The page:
There has thus been outlined, rather broadly, the more important features of the invention in order that the detailed description thereof that follows may be better understood and in order that the present contribution to the art may be better appreciated.
The invention may also include a control panel, a wireless remote control, a motor access vent and a pulley. There are, of course, additional features of the invention that will be described hereinafter and which will form the subject matter of the claims attached.
Numerous objects, features and advantages of the present invention will be readily apparent to those of ordinary skill in the art upon a reading of the following detailed description of presently preferred, but nonetheless illustrative, embodiments of the present invention when taken in conjunction with the accompanying drawings. In this respect, before explaining the current embodiment of the invention in detail, it is to be understood that the invention is not limited in its application to the details of construction and to the arrangements of the components set forth in the following description or illustrated in the drawings. The invention is capable of other embodiments and of being practiced and carried out in various ways. Also, it is to be understood that the phraseology and terminology employed herein are for the purpose of descriptions and should not be regarded as limiting.
As such, those skilled in the art will appreciate that the conception, upon which this disclosure is based, may readily be utilized as a basis for the designing of other structures, methods and systems for carrying out the several purposes of the present invention. It is important, therefore, that the claims be regarded as including such equivalent constructions insofar as they do not depart from the spirit and scope of the present invention.
It is therefore an object of the present invention to provide a new and improved sliding door actuator that has all of the advantages of the prior art sliding doors and none of the disadvantages.
It is another object of the present invention to provide a new and improved sliding door actuator that may be easily and efficiently manufactured and marketed.
An even further object of the present invention is to provide a new and improved sliding door actuator that has a low cost of manufacture with regard to both materials and labor, and which accordingly is then susceptible of low prices of sale to the consuming public, thereby making such sliding door actuator economically available to the buying public.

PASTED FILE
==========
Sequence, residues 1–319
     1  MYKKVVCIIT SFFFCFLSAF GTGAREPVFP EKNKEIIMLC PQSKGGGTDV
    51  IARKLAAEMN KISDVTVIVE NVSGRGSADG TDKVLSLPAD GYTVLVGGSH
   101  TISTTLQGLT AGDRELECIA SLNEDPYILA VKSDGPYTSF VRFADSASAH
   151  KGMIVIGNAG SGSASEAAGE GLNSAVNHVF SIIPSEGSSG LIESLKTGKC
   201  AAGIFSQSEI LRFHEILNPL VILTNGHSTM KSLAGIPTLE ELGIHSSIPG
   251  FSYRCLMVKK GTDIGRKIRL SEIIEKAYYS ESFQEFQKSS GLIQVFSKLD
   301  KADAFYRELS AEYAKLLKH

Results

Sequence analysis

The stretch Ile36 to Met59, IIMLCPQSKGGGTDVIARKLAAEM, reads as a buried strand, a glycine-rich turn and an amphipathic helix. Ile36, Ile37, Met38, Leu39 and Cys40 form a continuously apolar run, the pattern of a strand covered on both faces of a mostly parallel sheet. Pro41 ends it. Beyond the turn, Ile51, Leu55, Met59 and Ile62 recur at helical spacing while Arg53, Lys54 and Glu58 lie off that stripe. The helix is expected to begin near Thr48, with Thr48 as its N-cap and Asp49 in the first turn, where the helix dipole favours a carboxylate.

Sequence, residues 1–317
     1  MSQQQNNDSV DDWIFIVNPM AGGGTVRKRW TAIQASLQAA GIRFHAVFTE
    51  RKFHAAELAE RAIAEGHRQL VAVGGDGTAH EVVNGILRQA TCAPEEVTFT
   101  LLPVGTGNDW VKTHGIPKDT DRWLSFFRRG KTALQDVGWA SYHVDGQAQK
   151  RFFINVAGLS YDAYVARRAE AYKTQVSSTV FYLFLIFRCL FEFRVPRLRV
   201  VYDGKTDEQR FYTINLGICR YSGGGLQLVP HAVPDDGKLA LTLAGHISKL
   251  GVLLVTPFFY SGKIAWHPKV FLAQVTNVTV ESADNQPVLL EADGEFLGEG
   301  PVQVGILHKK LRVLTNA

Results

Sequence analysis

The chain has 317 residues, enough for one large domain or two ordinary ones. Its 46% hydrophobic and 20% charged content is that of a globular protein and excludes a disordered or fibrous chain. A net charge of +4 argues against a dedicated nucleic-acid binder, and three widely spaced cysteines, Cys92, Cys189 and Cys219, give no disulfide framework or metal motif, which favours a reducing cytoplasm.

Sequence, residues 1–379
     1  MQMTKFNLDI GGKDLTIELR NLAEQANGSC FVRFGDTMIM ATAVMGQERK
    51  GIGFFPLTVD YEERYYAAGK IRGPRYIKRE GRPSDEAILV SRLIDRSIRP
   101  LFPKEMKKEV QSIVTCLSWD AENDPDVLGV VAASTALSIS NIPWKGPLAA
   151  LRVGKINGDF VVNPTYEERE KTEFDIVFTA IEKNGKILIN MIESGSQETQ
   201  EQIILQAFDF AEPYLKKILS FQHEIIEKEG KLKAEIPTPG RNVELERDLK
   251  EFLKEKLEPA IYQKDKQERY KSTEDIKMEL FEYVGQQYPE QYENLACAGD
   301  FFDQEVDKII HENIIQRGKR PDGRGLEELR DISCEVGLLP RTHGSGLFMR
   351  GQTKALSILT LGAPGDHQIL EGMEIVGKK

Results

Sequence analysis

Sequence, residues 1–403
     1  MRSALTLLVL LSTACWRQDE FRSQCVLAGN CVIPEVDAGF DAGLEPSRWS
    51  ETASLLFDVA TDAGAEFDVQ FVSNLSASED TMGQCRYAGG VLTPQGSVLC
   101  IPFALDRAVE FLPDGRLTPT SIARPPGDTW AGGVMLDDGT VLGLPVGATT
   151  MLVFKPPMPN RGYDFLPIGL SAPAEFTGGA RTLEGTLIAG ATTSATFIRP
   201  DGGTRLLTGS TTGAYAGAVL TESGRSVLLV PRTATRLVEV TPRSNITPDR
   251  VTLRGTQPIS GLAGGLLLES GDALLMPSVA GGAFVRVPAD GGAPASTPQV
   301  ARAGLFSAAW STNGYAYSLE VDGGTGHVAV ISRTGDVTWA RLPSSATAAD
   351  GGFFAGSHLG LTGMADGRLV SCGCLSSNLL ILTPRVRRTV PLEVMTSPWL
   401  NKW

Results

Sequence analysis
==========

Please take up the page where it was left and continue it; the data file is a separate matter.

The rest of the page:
Still another object of the present invention is to provide a new sliding door actuator that provides in the apparatuses and methods of the prior art some of the advantages thereof, while simultaneously overcoming some of the disadvantages normally associated therewith. Lastly, it is an object of the present invention is to provide a sliding door actuator for actuators for sliding doors that have a drive belt and a return spring located within the stud space.
These together with other objects of the invention, along with the various features of novelty that characterize the invention, are pointed out with particularity in the claims annexed to and forming a part of this disclosure. For a better understanding of the invention, its operating advantages and the specific objects attained by its uses, reference should be had to the accompanying drawings and descriptive matter in which there is illustrated preferred embodiments of the invention.
The invention will be better understood and objects other than those set forth above will become apparent when consideration is given to the following detailed description thereof. Such description makes reference to the annexed drawings wherein:
The same reference numerals refer to the same parts throughout the various figures.
Referring now to the drawings, and particularly to
In use, it can now be understood that the exit sensor 24, wireless remote control 28 or the control panel 26 may actuate the sliding door.
While a preferred embodiment of the sliding door actuator has been described in detail, it should be apparent that modifications and variations thereto are possible, all of which fall within the true spirit and scope of the invention. With respect to the above description then, it is to be realized that the optimum dimensional relationships for the parts of the invention, to include variations in size, materials, shape, form, function and manner of operation, assembly and use, are deemed readily apparent and obvious to one skilled in the art, and all equivalent relationships to those illustrated in the drawings and described in the specification are intended to be encompassed by the present invention. For example, any suitable sturdy material such as plastic may be used instead of the aluminum described. And although actuators for sliding doors that have a drive belt and a return spring located within the stud space have been described, it should be appreciated that the sliding door actuator herein described is also suitable for sliding any type of panel on rollers.
Therefore, the foregoing is considered as illustrative only of the principles of the invention. Further, since numerous modifications and changes will readily occur to those skilled in the art, it is not desired to limit the invention to the exact construction and operation shown and described, and accordingly, all suitable modifications and equivalents may be resorted to, falling within the scope of the invention.
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|U.S. Classification||49/360, 49/347|
|International Classification||E05F11/54, E05F15/14|
|Jan 26, 2009||REMI||Maintenance fee reminder mailed|
|Jul 19, 2009||LAPS||Lapse for failure to pay maintenance fees|
|Sep 8, 2009||FP||Expired due to failure to pay maintenance fee|
Effective date: 20090719